1. Jotipāla.-The Bodhisatta born as the son of the chaplain of Brahmadatta, king of Benares. He was a great archer and became an ascetic. He is also referred to as Sarabhanga (J.v.127ff).

For his story see the Sarabhanga Jātaka. He is evidently identical with Jotipāla of the Indriya Jātaka. He belonged to the Kondaññagotta. J.v.140, 141, 142.

2. Jotipāla.-The Bodhisatta born as a brahmin of Vehalinga in the time of Kassapa Buddha. Ghatīkāra was his friend and invited Jotipāla to accompany him to the Buddha, but Jotipāla refused to go, saying that a "shaveling recluse" could be of no use to him. But Ghatīkāra was very insistent, and one day, after they had bathed together in the river, seized Jotipāla by the hair and made a final appeal. This boldness on the part of an inferior (Ghatīkāra was a potter) caused Jotipāla to realise his extreme earnestness and he agreed to go. After hearing the Buddha preach, Jotipāla became a monk (M.ii.46ff; J.i.43; Bu.xxv.10; see also S.i.34f; Mil.221; Mtu.i.319ff).

This insulting remark made by Jotipāla regarding Kassapa Buddha led to Gotama, in his last life, having to practise austerities for a longer period than did the other Buddhas (Ap.i.301; UdA.265; ApA.i.95). The memory of what he did as Jotipāla was one of the things that made the Buddha smile. DhsA.294, 496.

3. Jotipāla.-A brahmin, son of Govinda, chaplain of Disampati. Jotipāla was a friend of Disampati's son, Renu, who had six other nobles as companions. On the death of Govinda, Jotipāla became chaplain to Disampati. He inspired Renu's six companions to wait on Renu and make him promise to share the kingdom with them when he should come to the throne. This promise Renu kept when he succeeded his father and appointed Jotipāla to carry out the division of the kingdom, which the latter duly did. All the kings wished Jotipāla to be their chaplain, and he instructed them in the art of government, teaching the mantras also to seven eminent Brahmins and to seven hundred young graduates. Jotipāla himself came to be known as Mahā Govinda.

After some time, Jotipāla took leave of the seven kings, his disciples and his wives, and spent the four months of the rainy season in a retired spot outside the city, developing jhāna in order to see Brahmā face to face. At the end of the four months, Brahmā Sanankumāra appeared before him and gave him a boon. Jotipāla asked to be taught the way to reach the Brahma-world, and, having listened to Sanankumāra's exposition, decided to leave the world. The kings and all the others did their best to make him desist from this course, but finding their efforts of no avail they went with him into the homeless life, where all of them profited thereby.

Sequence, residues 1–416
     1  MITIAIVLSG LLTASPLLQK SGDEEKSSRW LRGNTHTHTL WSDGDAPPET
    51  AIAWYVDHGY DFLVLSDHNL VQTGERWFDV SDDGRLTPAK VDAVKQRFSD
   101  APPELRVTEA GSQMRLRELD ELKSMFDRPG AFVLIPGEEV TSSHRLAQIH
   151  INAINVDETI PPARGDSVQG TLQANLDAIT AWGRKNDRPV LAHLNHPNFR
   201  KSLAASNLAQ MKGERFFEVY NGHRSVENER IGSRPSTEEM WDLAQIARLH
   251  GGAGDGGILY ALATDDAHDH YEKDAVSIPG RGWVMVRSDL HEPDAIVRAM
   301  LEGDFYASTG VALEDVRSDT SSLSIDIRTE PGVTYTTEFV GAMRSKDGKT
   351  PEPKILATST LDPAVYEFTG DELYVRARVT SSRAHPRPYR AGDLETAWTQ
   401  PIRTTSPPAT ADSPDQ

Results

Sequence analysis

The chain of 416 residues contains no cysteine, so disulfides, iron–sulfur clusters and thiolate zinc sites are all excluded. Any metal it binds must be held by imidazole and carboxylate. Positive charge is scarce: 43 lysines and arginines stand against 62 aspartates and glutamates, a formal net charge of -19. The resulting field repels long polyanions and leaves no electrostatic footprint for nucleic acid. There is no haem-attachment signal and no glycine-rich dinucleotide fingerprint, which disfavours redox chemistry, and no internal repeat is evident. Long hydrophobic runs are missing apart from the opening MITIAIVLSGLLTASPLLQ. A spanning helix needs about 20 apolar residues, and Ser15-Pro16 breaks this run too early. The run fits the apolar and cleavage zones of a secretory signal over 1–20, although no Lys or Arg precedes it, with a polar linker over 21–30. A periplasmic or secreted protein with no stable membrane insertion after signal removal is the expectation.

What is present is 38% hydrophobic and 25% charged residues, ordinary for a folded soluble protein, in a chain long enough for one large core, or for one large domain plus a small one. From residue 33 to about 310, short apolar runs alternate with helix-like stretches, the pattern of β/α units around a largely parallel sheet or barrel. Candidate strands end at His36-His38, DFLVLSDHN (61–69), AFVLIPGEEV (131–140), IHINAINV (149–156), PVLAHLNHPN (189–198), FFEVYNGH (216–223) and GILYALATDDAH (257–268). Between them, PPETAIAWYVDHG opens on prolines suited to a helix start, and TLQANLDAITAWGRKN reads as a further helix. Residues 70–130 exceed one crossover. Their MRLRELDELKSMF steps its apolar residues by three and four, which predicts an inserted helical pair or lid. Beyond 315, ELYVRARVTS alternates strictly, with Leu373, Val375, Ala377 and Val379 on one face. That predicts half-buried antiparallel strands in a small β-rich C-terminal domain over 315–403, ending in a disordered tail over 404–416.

Jotipāla was the Bodhisatta (D.ii.232-51; Mtu.i.197ff). He is twice mentioned in the Anguttara Nikāya (A.iii.372; iv.135; AA.ii.679) in a list of ancient teachers with very large followings.

4. Jotipāla.-A monk at whose request Buddhaghosa wrote the Sāratthappakāsinī and the Manoratthapūranī. He seems to have been a colleague of Buddhaghosa and lived with him in several places, including Kañcīpura. Gv.68; SA.iii.235; AA.ii.874.

5. Jotipāla.-A thera of Ceylon. He defeated in debate the adherents of the Vetulla school, and one of their angry followers, Dāthāpabhuti, raised his hand to strike the Thera. An ulcer immediately appeared on Dāthāpabhuti's hand. Aggabodhi I. gave the Elder a dwelling in the vihāra (Abhayagiri?) - where the discussion took place - and charged his nephew with his care. The king also built for the Elder the Nīlagehapariccheda. Later the Kālinga king came with his family to Ceylon and was ordained under Jotipāla. Aggabodhi II. repaired the Thūpārāma at Jotipāla's suggestion and deposited therein a relic of the Buddha from the Lohapāsāda (Cv.xlii.35, 45, 51, 60).

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